The manners and sensibilities of the main cast were thus established and slowly broken down to great comic effect. Local colour was provided by Kate Kordel's lively and wilful Courtesan, who flirted aggressively with Antipholus of Ephesus and, later, became firm over the point of her money and ring, flouncing and harumphing about the stage and exchanging slyly competitive glances with Adriana during their united assault on Antipholus. Alan Coveney's Angelo was another high point, a weasel of a man with a fez, moustache and glasses. Intrusively jovial, he jabbed both Antipholi in the ribs repeatedly and ingratiated himself with his fellow merchants and workmen; yet when "wronged", betrayed a high-minded sensibility that insisted on being made reparation. One of the standout comedy sequences was the simple debate between he and Antipholus over which of them had the chain, a masterclass of mutual chagrin, rising annoyance and, finally, petty recrimination. Angelo's abashed apologies as his mistakes became clear in the final scene were similarly entertaining.
Only in the doorknocking scene did a metatheatrical comic awareness influence the action. The two Dromios stood at either end of the space, with the empty square of the Tobacco Factory stage deliberately extending the thickness of the door; yet as the Syracusian Dromio spat at the Ephesian Dromio under the door, there was a time delay to the reaction as if the spittle had had to travel the several metres distance. Similarly, both Dromio and Antipholus knocked on thin air, accompanied by sound effects created by one of the other actors; but this culminated in the sound effect deliberately going beyond the number of mimed knocks, causing the actors to pause and look around in confusion. Elsewhere, however, the comedy was reliant on people acting in believable but amusing ways: Antipholus and his friends, for example, sang drunkenly in comically hushed voices before the former's door, evoking a fun sense of manly camaraderie. Dromio's description of Nell was a highlight, using arms and a foreboding voice to illustrate her girth and the terror he felt, which was suitably recaptured in subsequent references to her. Dr. Pinch, meanwhile, was a young man in a waistcoat and tails with a motley crew of assistants bearing straitjackets, into which they forced Antipholus. By this time, the Ephesian Antipholus's patience was at an end, and he broke off flogging Dromio in order to pinch Pinch hard by the ear. His furious rant to the Duke earned a second smattering of applause, the character's instability reaching its peak as he knelt to his lord.
The always-reliable final scene saw characters shrieking, complaining and generally behaving awfully as the multiple plots came together, over which Nicky Goldie's formidable Abbess took control, ordering the reunions and provoking laughs as she revealed the final twist of being Egeon's wife. There was a great deal of innocent comedy found in the reunions - Antipholus of Syracuse, for example, hugged his brother and sister-in-law with an enthusiasm that his brother didn't quite share; and there was an almost tender moment as Antipholus of Ephesus finally paid the Courtesan for his entertainment, to Adriana's glare. The two Dromios taking hands, however, provided a fittingly sweet conclusion to a lovely production that didn't rock the boat or offer exciting new readings of Errors, but did restore some dignity to a play too often treated as straightforward farce, taking as its purpose the exploration of the reactions of real people to inexplicable events.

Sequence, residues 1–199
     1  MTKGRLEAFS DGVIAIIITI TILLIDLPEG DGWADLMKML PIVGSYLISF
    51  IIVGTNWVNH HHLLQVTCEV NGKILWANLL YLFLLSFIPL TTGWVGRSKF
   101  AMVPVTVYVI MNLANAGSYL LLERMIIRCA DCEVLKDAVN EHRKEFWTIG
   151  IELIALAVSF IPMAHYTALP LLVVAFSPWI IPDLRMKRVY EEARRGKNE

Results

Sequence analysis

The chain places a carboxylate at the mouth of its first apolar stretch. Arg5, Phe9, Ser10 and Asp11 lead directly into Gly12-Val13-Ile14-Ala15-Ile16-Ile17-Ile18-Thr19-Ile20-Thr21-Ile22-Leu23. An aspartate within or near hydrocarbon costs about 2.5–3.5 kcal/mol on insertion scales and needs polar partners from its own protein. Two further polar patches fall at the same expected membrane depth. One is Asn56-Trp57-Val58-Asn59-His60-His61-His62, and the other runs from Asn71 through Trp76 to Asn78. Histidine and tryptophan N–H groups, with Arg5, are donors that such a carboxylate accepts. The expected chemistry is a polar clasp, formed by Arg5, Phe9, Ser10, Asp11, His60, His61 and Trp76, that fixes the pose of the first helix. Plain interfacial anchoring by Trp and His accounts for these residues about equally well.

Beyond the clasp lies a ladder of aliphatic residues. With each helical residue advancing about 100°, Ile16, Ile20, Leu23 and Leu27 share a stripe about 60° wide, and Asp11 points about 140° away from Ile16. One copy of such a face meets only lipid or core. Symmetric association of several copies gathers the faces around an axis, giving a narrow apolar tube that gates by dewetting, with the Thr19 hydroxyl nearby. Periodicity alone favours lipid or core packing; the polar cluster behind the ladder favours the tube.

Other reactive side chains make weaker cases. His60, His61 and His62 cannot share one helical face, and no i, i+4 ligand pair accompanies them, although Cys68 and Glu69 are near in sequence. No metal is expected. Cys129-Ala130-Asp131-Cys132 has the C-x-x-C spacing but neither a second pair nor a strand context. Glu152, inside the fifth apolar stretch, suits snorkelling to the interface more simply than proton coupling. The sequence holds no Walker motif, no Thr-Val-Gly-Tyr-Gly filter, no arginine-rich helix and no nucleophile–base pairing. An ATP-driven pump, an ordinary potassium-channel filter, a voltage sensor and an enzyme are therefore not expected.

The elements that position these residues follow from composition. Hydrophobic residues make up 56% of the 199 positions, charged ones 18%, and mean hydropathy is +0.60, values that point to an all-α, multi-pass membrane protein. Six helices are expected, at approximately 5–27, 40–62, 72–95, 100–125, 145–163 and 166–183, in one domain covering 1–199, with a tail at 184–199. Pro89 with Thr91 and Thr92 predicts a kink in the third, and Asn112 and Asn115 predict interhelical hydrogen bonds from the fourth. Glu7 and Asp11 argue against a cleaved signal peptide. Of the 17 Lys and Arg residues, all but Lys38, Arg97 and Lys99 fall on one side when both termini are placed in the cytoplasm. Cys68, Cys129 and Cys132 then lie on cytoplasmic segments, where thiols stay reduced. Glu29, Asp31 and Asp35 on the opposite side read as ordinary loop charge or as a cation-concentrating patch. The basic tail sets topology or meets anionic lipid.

February 10, 2011
A roar of dissent rose in the foyer of the Belgrade Theatre during the interval of last night's Comedy of Errors, as the tannoy politely requested that audience members resume their seats for the second half. The roar came, however, not from reluctant audiences, but from the theatre company themselves. The men of Propeller had followed the audience out into the foyer and begun an impromptu charity concert with Mexican/Latin-inflected versions of Material Girl, Billie Jean and other '80's standards. With the audience singing and clapping along, the company were reluctant to end the party, and Chris Myles cried "They can't start while we're out here!" The second half eventually started some fifteen minutes late.
Much has been written on the idea of ensemble in contemporary Shakespearean theatre, but few companies embody the spirit of ensemble theatre-making to the extent that Propeller does. As the wonderful interval concert proved, this was a group of individuals who the audience wanted to spend time with, and whose shared creativity and enthusiasm informed every aspect of their performed presence - many faces were familiar from the last few years of the company's history. Writing and performing the music as a company, setting up each other's jokes and set-pieces and displaying a physical comfort and familiarity with each other's bodies that allowed for precise, hysterical comedy, Comedy allowed the true strengths of ensemble to be fully-realised.